Tag Archives: TV Land

Summer 2015 Review: The Jim Gaffigan Show

17 Jul

The Jim Gaffigan Show

The Jim Gaffigan Show attempts to pull the trick that relatively few shows have pulled off, and which Modern Family has pulled off most successfully – to relatively modernize the classic sitcom. Modern Family brings in the single camera and cuts the laugh track, but leaves in the close knit family, the wacky hijinks, and the heart. I don’t particularly care for the show on the whole, but episode to episode, and scene-to-scene, I’ve seen plenty of moments that have that formula working.

The Jim Gaffigan Show takes this strange and maybe worthy goal on, ultimately unsuccessfully. The ‘90s were dominated by family-oriented sitcoms, with the last two great editions being Everybody Loves Raymond and The King of James before the genre largely died out as a major force. The genre was both medium and message; there was a format – multi-camera with big canned laughs and a lot of big obvious punchlines – and a style – warm, family friendly, not too edgy. Most revivals of the style have brought back both elements, leaving them to appear extremely outdated. Modern Family hit the jackpot, bringing in both traditional sitcom watchers and younger viewers who also enjoyed The Office.

The Jim Gaffigan Show is another attempt to mix modern form with traditional style comedy in the wake of Modern Family. It has everything you could want – a hype-immature American male (think: Tim Taylor or Ray Barone or Phil Dunphy) who has juvenile tendencies, who knows his wife is far more competent and put together than he is, but occasionally wants to show that he can do parenting and life too, if he can get himself off the couch for five minutes. There’s a classic TV mix up in the pilot. Jim has three letters, two to deliver, and one to take home and he confuses them hanging the letters to the wrong recipients. The poor husband can’t even get one thing right. Luckily, through a serious of screwball happenings, his mistake turns out not to matter, until something else that came up earlier does, but at the end Jim and co. are a sweet, loving, happy family and that’s all that matters. There’s a schlubby-but-lovable-and-funny TV husband married to a much younger, more attractive women, who can’t help but love his foibles at the end of the day because he means well even as she does all the work.

Jim Gaffigan is a funny guy, and that, well kind of comes through in the show, which is about the nicest thing you can say about it. It comes through mostly when Jim is just talking, exposing his natural timing and humorous cadences. Everything else, though. It’s the same old, It’s not cringeworthy, but it’s surprisingly unsophisticated and thoroughly medicore.

Will I watch it again? No. I like Jim Gaffigan’s stand up, but he’s probably a traditionalist at heart, and this sitcom really shows it off. The sheen may be more modern, but the sitcom is gooey, boring, clichéd, and most importantly not funny.

Summer 2014 Review: Jennifer Falls

25 Aug

Jennifer Falls

(I’ve fallen way behind on both my TV viewing and writing, but not to worry – dear reader – I don’t give up that easy – I’ve rapidly been viewing the first episode of every new television show of 2014, with the intent of seeing them all by the end of August. To facilitate a respective blog catchup, I’ll be posting lots of much shorter entries on each show)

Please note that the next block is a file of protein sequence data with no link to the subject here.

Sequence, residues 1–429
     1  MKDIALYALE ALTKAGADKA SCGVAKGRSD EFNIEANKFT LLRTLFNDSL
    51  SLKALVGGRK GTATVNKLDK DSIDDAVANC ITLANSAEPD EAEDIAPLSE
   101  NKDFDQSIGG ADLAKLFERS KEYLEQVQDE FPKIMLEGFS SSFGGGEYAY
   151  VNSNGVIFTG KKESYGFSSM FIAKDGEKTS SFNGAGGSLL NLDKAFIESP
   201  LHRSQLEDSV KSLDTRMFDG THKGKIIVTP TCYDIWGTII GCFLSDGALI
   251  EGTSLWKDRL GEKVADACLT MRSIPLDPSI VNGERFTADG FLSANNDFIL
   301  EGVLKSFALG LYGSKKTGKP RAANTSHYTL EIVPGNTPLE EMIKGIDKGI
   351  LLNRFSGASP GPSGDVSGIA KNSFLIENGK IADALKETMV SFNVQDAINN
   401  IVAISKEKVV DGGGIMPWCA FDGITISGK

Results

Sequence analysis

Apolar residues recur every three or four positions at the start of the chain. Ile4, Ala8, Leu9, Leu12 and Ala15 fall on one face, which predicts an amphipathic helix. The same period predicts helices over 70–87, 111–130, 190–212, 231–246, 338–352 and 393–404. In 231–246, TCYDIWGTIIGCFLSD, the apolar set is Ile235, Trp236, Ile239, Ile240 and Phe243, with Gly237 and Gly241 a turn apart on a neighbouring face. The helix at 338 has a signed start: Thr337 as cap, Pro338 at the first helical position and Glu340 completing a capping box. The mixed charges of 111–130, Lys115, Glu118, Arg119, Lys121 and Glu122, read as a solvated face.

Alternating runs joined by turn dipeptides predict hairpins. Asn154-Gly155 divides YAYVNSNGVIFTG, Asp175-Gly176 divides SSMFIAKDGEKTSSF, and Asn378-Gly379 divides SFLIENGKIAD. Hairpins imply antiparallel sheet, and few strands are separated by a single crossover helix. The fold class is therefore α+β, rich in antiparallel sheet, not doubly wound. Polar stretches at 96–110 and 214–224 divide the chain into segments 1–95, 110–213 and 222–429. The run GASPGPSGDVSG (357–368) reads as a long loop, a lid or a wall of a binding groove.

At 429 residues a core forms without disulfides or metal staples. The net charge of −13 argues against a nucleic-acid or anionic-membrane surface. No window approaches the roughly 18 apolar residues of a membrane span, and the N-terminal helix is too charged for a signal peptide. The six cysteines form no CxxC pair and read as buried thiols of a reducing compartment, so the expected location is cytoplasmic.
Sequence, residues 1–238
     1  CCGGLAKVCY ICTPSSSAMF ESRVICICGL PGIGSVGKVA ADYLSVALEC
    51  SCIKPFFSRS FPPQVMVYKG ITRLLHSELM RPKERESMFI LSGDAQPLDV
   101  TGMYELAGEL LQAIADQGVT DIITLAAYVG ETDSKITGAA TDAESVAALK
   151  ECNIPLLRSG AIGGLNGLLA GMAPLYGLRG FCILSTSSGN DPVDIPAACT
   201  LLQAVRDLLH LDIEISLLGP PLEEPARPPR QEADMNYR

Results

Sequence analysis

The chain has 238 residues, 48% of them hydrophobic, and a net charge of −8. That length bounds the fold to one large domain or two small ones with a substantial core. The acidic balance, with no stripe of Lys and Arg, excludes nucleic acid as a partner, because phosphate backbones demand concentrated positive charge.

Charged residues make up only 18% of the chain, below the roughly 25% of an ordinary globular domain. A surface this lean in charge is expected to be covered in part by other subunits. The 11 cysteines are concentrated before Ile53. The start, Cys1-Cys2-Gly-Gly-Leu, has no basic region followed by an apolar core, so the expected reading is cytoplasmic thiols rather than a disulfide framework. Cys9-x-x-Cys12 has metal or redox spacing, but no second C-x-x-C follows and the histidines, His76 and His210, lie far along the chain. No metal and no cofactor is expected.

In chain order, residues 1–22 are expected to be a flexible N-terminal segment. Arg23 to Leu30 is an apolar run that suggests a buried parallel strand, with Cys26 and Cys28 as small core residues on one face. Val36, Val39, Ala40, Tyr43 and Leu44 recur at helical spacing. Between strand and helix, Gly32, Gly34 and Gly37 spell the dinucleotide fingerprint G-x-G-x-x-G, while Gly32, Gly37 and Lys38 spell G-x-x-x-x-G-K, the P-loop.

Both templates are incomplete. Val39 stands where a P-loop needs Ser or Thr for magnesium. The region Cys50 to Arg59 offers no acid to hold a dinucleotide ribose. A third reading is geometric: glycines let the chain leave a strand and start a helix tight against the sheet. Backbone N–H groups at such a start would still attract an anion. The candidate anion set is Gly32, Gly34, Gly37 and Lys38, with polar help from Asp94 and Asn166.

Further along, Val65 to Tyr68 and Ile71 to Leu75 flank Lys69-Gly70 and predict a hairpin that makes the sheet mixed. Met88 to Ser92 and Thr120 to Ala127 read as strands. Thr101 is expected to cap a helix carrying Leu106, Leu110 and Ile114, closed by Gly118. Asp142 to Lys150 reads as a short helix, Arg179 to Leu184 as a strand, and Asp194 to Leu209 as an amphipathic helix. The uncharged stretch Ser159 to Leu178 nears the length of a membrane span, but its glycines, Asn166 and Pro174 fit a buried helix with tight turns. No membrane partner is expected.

TV Land does something that almost no one else on TV really does anymore. TV Land, a network, which didn’t produce original scripted programming until debuting Hot in Cleveland four years ago, makes old-school traditional 90s-and-earlier style sitcoms (ABC Family does it here and there). Now, CBS sitcoms still have a lot in common with the past, but they tend to be coarser, more offensive,sometimes gross-out, sometimes misogynist; they’re certainly linked to the sitcoms of old, but they feel less wholesome. TV Land’s Jennifer Falls certainly has a couple of modern adjustments – main character Jennifer was a high-powered female businesswoman, raking in tons of cash, when she got fired for being impossible to work with, and the topic of women being considered bossy is touched on, although not spend a lot of time with.

While it makes these couple of winks at modernity, Jennifer Falls is a traditional sitcom at heart. After moving out of her expensive apartment in the big city, she’s got to go home and bond with her mother, her daughter, and her old best friend, who is bitter with her because she abandoned their friendship to chase big money years ago. The show deals with classic television redemption, as she realizes somewhat that her life was hollow filled with just work, and without friends (to its credit, the show makes this point without ever seeming to imply anything negative about women at high-paying jobs; the show, without pushing it, is modern enough on that matter). Jennifer, who can’t find a job anywhere after her ignominious firing, reluctantly takes a pity job offer at the bar owned by her brother and sister-in-law, who gives Jennifer constant patronizing life lessons while her brother is afraid to speak up.

The jokes are canned, the laugh track is present, and you’ve met all of these characters before. It’s not, for what it’s worth, mean-spirited though, the characters seem to actually, mostly like each other, and there’s as much underlying warmth as an incredibly mediocre sitcom first episode can have. So it has that going for it. You’re not going to watch it, and you shouldn’t, but there’s something to be said for TV Land’s ability to adopt the old-fashioned sitcom for the modern age, as least from a technical perspective. But that’s about it.

Will I watch it again? No, it’s not worth watching and it’s not funny. That said, it’s pleasantly inoffensive, and carries on the legacy of old-time sitcoms into a new era, if that does anything for you.